An ellips is a curve with equation x²/a² + y²/b² = 1
In this equation a is the semi major axis, b the semi minor axis.
Drag the green points on the horizontal and the vertical axis and see how the equation and the form of the ellips change.

the ellips as a locus

You can define an ellips as the locus of a point with a constant sum of the distances to two given points. These two points are called the foci.
Given a and b the semi major axis and semi minor axis of the ellips we find:

as foci F_{1} = (-c, 0) and F_{2} = (c, 0) wih

as eccentricity e =
It's clear that you'll get an ellips if 0 < e < 1 (or: 0 < b < a)
The upper limit of b is a: the eccentricity becomes 0 and the ellips becomes a circle
The lower limit of b is 0: de ellips has got no height.

the sun as focus

While the earth's orbit is an ellips with the sun in one of the two foci, it's clear that the sum of the distances to the foci is constant, but the distance to the sun is not. If you just want to draw the orbit, you can use a circle. If you want to make clear when the earth is in which point on it's orbit you can draw an ellips and exaggerate the difference between major and minor axis.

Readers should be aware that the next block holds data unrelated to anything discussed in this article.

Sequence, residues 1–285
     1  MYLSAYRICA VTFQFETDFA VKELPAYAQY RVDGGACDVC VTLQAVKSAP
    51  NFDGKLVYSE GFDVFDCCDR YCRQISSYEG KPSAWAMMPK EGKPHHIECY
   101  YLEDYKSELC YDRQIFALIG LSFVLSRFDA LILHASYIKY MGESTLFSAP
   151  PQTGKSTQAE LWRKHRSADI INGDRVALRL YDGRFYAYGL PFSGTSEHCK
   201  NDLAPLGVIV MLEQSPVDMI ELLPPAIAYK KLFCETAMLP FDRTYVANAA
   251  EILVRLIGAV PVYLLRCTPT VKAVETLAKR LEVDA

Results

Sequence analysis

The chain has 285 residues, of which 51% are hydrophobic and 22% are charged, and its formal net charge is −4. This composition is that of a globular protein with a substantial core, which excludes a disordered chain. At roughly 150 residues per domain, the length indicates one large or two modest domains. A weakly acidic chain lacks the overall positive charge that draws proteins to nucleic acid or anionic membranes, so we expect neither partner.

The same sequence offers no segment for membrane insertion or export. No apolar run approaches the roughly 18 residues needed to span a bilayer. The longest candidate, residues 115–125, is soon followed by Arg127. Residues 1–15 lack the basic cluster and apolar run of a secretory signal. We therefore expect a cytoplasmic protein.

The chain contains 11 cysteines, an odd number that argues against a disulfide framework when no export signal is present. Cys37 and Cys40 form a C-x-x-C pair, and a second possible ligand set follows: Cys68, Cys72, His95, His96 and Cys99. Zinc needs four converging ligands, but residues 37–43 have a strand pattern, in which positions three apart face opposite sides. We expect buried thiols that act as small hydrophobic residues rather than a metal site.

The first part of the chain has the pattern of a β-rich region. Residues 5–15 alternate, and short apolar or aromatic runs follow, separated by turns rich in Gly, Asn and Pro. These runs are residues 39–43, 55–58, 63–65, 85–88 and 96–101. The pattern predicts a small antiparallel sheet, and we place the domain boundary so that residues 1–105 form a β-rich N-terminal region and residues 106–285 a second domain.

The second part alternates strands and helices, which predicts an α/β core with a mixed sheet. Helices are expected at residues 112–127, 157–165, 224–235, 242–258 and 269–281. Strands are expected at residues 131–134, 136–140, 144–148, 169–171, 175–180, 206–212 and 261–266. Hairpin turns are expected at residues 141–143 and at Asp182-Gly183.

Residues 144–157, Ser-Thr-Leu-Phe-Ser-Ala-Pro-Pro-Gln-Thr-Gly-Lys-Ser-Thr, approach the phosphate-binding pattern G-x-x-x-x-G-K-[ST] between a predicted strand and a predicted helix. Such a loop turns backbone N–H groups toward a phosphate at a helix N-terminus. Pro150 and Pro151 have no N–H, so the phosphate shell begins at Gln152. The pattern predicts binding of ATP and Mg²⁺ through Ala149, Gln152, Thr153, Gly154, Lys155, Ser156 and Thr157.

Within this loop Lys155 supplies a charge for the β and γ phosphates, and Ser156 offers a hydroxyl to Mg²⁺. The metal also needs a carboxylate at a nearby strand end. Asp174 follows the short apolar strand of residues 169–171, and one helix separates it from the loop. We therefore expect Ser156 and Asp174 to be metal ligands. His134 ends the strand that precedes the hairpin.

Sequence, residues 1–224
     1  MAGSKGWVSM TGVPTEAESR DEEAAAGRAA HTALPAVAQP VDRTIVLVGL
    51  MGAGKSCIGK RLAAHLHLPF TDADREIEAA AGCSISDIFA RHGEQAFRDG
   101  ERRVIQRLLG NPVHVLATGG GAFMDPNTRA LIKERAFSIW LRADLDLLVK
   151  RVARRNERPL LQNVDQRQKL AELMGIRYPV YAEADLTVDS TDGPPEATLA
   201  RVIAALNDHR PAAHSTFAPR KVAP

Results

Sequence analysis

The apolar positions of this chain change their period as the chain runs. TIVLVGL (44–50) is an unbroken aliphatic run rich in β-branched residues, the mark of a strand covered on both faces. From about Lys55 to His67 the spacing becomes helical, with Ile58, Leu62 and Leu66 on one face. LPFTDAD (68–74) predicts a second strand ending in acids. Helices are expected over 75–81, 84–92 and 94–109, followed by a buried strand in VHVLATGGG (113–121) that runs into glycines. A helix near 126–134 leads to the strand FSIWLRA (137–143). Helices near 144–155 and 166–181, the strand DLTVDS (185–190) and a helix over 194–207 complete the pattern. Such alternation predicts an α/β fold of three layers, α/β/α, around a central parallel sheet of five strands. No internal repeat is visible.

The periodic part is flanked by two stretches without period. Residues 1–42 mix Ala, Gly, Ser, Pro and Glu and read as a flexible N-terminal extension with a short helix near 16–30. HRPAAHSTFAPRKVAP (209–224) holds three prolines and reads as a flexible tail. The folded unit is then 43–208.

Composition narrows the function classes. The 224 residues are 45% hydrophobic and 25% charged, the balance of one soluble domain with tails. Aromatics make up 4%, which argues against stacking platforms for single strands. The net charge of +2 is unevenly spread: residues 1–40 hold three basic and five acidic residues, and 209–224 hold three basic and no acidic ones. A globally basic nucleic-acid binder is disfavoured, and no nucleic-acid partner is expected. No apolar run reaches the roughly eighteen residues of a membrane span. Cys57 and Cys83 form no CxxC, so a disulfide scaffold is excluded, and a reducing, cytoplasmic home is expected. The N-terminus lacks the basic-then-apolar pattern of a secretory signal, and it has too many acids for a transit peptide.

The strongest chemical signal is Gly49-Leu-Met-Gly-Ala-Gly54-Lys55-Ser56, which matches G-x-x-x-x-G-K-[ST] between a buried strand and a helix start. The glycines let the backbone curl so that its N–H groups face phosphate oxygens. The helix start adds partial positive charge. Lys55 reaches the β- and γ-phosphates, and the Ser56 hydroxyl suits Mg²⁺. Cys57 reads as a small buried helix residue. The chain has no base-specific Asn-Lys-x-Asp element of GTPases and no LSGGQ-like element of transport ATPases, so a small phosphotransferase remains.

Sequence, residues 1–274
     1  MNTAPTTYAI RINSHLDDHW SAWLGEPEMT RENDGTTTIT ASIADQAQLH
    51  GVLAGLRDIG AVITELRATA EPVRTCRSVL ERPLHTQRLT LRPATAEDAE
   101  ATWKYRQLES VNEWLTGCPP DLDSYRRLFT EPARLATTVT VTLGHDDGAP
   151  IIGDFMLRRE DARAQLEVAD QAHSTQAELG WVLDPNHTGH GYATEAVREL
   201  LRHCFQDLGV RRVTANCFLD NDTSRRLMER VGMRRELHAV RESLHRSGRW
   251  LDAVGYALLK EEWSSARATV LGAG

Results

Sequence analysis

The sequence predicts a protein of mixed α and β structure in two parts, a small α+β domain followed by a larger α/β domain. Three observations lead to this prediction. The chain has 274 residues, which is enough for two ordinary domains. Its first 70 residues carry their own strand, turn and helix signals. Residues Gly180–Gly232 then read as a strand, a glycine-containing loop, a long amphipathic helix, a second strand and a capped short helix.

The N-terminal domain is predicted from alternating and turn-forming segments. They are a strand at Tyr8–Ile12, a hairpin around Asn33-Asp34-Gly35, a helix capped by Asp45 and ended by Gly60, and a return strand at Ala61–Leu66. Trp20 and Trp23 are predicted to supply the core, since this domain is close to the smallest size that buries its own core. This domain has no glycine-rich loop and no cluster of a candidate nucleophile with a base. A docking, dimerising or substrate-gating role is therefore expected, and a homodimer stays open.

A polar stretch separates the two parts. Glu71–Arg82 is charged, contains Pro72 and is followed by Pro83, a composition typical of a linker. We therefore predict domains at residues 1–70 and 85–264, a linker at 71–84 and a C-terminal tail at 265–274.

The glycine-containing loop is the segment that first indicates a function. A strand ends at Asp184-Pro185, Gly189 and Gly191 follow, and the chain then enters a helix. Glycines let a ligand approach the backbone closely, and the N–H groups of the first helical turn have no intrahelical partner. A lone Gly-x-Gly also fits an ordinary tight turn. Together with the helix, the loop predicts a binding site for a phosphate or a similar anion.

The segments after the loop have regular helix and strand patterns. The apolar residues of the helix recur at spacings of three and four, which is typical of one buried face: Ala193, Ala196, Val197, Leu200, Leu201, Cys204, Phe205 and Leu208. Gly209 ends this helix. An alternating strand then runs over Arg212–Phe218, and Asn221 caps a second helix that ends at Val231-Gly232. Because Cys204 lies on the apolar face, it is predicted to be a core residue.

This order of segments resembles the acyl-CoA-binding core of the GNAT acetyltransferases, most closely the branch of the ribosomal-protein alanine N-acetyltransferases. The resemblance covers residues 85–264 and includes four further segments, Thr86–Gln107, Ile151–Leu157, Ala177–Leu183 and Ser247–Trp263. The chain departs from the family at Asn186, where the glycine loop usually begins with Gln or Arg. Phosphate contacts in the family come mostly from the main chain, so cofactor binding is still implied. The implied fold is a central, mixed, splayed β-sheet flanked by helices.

A second problem is: "Which dimensions do I use for earth and sun?"

the radius of the earth is aproximately 6400 km,

the radius of the sun is aproximately 696 000 km,

the average distance between earth and sun is aproximately 150 000 000 km.

You can never combine these dimensions true scale in one drawing. So sun and earth are displayed in all possible proportions and not one is correct. This is not a problem as long as one remembers what's the point in the picture, and it's certainly not displaying the exact proportions.